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New OPP officer in Grey Highlands schools almost everyday

The new OPP community engagement officer has responded to more than 80 calls, mostly from schools, in the first three months of service
Stock photo.

Students and schools in the Municipality of Grey Highlands are seeing an increased police presence after a new School and Community Engagement Officer position was established with the Grey-Bruce Ontario Provincial Police (OPP) detachment earlier this fall. 

“It's been really good to get back into the schools with this enhancement and have one-on-one time in the classroom,” said OPP Constable Nick Wilson, during a Grey Highlands Police Services Board meeting held earlier today.

In September, the Grey-Bruce OPP department welcomed Wilson to the new position of school and community engagement officer. And despite a slow start due to COVID-19, he has been actively introducing himself to the student body.

“Once I was allowed to go back into the schools, almost every day of the week has been taken up with either a presentation or a safety plan review,” Wilson said.

Since coming on board, Wilson has engaged with Grey Highlands Secondary School, Osprey Central School and Macphail Memorial School with lockdown drills, fire drills, and safety plans.

“The majority of the presentations have been kids programs in the elementary schools and various presentations at the high school for things like consent, and bullying, etc,” Wilson said.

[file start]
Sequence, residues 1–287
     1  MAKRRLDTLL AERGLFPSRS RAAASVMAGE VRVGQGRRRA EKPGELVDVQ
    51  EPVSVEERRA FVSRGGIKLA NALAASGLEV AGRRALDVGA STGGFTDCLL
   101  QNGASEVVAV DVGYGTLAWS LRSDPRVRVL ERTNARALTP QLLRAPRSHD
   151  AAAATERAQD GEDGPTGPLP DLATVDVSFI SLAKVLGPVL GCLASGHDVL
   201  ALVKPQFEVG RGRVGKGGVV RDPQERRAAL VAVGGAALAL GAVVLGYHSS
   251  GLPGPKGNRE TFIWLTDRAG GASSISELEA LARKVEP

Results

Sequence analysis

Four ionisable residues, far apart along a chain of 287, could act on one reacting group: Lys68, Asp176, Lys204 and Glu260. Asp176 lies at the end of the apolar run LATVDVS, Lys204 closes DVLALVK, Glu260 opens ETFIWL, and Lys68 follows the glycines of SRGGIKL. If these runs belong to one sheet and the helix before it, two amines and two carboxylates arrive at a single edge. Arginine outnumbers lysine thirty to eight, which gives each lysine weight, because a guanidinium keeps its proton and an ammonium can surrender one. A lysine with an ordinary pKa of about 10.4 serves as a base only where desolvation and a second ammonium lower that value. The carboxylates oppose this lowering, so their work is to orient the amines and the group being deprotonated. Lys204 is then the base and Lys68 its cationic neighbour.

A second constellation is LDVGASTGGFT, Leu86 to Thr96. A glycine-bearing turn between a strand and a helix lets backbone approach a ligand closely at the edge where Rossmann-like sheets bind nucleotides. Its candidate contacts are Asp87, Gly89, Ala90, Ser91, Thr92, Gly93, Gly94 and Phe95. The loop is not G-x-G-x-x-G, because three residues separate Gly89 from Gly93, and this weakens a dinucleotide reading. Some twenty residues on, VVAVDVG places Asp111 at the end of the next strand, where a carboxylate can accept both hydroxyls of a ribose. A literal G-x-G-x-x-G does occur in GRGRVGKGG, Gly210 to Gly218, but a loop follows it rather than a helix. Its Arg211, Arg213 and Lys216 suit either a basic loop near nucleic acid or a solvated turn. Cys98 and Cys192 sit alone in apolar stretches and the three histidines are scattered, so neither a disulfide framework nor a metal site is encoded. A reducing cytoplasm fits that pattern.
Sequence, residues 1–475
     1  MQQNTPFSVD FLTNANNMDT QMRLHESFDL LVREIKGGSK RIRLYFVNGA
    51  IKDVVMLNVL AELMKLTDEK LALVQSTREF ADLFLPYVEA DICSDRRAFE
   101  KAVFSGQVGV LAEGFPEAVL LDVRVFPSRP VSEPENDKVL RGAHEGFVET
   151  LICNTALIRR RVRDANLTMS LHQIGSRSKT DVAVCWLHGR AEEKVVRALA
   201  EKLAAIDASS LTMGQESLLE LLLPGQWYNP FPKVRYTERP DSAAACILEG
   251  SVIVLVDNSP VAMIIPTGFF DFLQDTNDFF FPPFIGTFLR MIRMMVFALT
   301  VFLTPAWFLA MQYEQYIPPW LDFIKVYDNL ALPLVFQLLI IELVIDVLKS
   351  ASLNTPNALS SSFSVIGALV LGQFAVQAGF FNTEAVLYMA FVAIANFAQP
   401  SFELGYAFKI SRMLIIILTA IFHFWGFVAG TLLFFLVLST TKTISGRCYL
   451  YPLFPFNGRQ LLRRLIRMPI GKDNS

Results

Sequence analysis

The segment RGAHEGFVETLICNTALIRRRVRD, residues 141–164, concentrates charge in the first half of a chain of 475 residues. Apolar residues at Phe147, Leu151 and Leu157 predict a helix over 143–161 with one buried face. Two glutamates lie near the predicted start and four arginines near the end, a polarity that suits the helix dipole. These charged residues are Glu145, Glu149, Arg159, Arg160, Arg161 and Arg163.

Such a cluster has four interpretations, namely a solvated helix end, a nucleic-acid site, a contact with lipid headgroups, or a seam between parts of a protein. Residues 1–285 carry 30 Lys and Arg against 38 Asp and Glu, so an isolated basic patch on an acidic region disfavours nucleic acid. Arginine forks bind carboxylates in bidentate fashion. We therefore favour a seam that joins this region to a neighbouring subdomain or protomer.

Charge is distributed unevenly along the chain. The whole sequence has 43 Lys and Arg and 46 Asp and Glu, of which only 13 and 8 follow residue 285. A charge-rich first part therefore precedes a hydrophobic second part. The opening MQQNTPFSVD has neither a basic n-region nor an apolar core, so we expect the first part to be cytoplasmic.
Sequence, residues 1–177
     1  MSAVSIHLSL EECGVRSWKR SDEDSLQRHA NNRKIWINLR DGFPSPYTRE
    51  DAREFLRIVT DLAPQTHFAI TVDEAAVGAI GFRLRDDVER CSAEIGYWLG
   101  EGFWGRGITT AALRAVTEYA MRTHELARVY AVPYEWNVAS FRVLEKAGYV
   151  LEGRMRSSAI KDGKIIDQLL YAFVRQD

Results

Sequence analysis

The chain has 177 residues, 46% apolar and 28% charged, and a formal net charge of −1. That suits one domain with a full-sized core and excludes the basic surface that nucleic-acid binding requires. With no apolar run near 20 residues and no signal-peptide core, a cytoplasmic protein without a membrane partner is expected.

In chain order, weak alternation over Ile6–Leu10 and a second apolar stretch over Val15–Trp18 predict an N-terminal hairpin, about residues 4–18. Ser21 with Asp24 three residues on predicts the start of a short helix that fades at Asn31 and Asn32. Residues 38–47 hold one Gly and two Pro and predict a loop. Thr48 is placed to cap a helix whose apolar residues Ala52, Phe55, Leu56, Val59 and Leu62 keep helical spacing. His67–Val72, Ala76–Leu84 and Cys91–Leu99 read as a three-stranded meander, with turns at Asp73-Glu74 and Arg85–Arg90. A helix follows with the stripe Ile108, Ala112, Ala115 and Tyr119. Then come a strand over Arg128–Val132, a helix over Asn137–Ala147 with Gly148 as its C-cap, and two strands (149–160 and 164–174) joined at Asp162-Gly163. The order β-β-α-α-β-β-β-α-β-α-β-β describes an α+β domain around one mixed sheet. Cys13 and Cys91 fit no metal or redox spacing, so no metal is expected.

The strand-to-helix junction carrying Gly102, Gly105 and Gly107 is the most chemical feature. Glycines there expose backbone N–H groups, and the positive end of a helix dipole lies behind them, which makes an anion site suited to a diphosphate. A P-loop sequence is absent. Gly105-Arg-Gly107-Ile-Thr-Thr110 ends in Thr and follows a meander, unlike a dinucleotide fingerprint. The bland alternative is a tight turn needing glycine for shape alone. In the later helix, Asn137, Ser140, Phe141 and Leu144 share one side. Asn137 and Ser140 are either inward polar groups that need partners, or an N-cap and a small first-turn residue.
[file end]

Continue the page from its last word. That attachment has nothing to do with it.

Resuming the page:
He also held a meeting with Hanley Institute to discuss police involvement in an after-school mentoring program for students in Grade 7, 8, and 9.

“There's a couple of after-school youth mentoring programs that are starting to get up and running, one specifically in Flesherton that we've been involved in, so that'll be going forward as well,” he added.

Along with regularly scheduled visits to the schools, Wilson also responds to school and youth-related calls.

“From September until today, for example, I, with the enhancement position, looked after 82 calls. I would say the majority of those coming from the schools,” Wilson said.

This month alone, Wilson says he has responded to 32 calls for service just from Grey Highlands Secondary School.

The OPP September/October detachment report outlines a number of issues Wilson responded to, which included an investigation into an occurrence with drugs regarding possible drug trafficking between high school students; assisting school staff with a mental health incident affecting a youth; and an effective response regarding a threats complaint against staff and students.

“We can really see when a municipality has a community engagement officer, it does reap some significant benefits,” added OPP Constable Nigel Heels.

Wilson says that moving forward, he hopes to establish a regular routine at the schools, even creating an office in some locations, so that the students know when and where they can find him.

“I'm in the process right now of working with the high school to formulate a plan,” he said. “In the meantime, I am there every day, and if not every day, at least three, four times a week.”

Jennifer Golletz

About the Author: Jennifer Golletz

Jennifer Golletz covers civic matters under the Local Journalism Initative, which is funded by the Government of Canada
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